Bet you didn’t know
Walt Disney brought live animals onto sets for his animators to study. Two fawns roamed around the filming of ‘Bambi’ and a host of forest critters at the production of ‘Snow White and The Seven Dwarfs’.
On Wednesday, Zoom announced at its Zoomtopia conference a new feature, OnZoom, which will allow its users to host events that people can pay to attend.
Zoom cocktail hour had still better be free
Wait a minute, Zoom isn’t just for my work meetings and virtual quizzes with my family? I promise I am not getting bored of them aunt Mary. The teleconferencing software allows teachers, yoga instructors, musicians and many more individuals to now charge viewers to attend their events. OnZoom brings the company into unfamiliar territory as it vies for market share with the likes of Eventbrite rather than its usual Big Tech competitors. What’s more, it has promised that it won’t even be taking a cut of the action until 2022. Payments are processed via PayPal, and as of now, hosts and participants to virtual events must be based in the U.S and the host must be a paid subscriber to Zoom. The service will become available globally in 2021. Ukulele lesson anyone?
Bet you didn’t know
Zoom is working in partnership with Astia to help address the important issue of the continued underfunding of women-led startups.
“The gauntlet has been thrown down! The prophecy will be fulfilled. Model S price changes to $69,420 tonight!” Whoever made this so-called prophecy could have thrown us a bone and warned us all about the global pandemic, but whatever. I’ll give you just one guess as to who wrote that tweet above. Tesla CEO Elon Musk took to Twitter after one of the EV leader’s competitors, Lucid Motors, announced that their luxury electric sedan would start at $77,400, or $69,900 after federal tax cuts. Tesla’s second cut to its flagship vehicle brings its total price reduction this week to $5,570 — and you thought all the best deals were on Amazon this week? Tesla has performed well in recent weeks following a rare dip in September, having announced last week a record-breaking 139,300 deliveries in Q3. It will provide a Q3 earnings report on October 21.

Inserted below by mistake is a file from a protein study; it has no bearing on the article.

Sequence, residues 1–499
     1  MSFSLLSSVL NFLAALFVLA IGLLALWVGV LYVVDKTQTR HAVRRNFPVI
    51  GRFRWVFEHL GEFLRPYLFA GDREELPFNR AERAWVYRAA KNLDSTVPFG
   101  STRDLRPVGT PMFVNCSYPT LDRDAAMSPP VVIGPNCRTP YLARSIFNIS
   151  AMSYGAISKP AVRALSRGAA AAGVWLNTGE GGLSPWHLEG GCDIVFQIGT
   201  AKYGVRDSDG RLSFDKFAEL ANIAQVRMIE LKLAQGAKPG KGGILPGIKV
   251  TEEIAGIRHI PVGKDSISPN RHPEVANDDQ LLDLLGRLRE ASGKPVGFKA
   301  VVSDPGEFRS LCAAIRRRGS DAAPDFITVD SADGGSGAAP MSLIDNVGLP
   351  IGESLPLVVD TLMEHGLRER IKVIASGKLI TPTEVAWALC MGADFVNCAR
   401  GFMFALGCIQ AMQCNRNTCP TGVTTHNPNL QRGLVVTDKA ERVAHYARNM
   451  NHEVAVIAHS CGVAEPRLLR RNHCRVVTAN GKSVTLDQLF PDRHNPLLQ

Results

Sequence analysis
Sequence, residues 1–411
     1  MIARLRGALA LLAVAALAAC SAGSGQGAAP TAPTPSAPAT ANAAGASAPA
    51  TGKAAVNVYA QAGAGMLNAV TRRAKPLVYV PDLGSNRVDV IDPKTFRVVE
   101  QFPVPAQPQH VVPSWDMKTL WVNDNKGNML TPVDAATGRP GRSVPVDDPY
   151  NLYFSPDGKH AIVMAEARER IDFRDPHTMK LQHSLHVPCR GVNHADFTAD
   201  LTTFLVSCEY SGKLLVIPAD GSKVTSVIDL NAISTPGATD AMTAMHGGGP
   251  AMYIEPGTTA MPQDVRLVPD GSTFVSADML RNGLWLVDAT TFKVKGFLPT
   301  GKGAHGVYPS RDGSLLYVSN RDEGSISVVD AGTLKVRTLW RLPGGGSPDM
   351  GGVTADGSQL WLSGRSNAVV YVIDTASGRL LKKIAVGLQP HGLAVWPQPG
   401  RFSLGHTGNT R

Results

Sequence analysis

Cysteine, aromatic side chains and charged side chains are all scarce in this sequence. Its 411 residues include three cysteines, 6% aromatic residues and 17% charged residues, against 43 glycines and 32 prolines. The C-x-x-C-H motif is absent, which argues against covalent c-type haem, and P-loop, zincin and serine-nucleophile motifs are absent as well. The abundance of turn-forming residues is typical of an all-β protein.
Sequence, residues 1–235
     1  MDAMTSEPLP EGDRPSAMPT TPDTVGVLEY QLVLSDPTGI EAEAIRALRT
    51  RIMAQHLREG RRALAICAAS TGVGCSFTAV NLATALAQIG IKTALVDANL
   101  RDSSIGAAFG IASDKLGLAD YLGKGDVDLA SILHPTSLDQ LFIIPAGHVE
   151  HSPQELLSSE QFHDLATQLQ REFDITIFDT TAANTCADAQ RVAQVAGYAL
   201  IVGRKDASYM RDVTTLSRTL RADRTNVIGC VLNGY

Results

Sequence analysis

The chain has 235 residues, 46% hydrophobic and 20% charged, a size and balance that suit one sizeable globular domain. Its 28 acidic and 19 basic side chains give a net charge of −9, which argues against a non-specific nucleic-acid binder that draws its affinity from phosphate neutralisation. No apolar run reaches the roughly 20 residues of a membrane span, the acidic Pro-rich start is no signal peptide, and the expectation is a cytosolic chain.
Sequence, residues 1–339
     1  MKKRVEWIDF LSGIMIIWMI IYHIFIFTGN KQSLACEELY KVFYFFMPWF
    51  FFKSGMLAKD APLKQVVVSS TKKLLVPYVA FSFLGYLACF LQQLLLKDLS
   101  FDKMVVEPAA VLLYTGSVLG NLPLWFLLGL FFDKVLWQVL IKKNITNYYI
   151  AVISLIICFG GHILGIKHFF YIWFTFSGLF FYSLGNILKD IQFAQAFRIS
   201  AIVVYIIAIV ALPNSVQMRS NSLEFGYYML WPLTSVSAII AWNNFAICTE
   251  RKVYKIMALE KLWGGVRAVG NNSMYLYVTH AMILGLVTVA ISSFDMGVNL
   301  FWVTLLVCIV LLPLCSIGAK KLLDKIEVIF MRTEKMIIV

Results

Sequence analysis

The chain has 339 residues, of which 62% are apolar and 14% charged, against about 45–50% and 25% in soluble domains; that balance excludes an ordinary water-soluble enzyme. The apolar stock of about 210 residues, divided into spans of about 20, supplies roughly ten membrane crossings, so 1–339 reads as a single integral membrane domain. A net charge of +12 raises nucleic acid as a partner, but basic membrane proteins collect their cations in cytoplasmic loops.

But wait, we Musk talk about something else…
If his ever-growing cult following wasn’t sated enough by Musk’s infamous Twitter performances, perhaps this next bit will do the trick. Elon Musk, the man who’s ego knows no bounds, is getting his own HBO miniseries documentary about his founding of SpaceX. The limited series will focus on Musk’s recruitment of a small team of engineers, and their development of the first SpaceX rocket, following its construction and launch with Hollywood hunk Channing Tatum signed on as an engineer. When this inevitably goes to Elon’s head, then God help us all!
Bet you didn’t know
Elon’s brother, Kimball, keeps an interesting Blogspot site called ‘KWAJALEIN ATOLL AND ROCKETS’ which details some of the process of SpaceX and its early days creating its original launch vehicles. It’s well worth a read.
The Week In Numbers
is how much Cloudflare stock rose on Monday following the launch of its Zero Trust security software, Cloudflare One.
was offered by Twilio this week to purchase customer data infrastructure start-up Segment.
was reportedly made by third-party sellers on Amazon Prime Day according to Amazon itself.
MyWallSt operates a full disclosure policy. MyWallSt staff currently hold long positions in companies mentioned above Read our full disclosure policy here.
Financial Writer at MyWallSt
Nicole's favorite stock is Etsy because she loves its original and handmade items. She believes people are going to stop buying mass-produced items and start purchasing ‘one of a kind’ fashions and furnishings. In a world of sameness, Etsy has the advantage.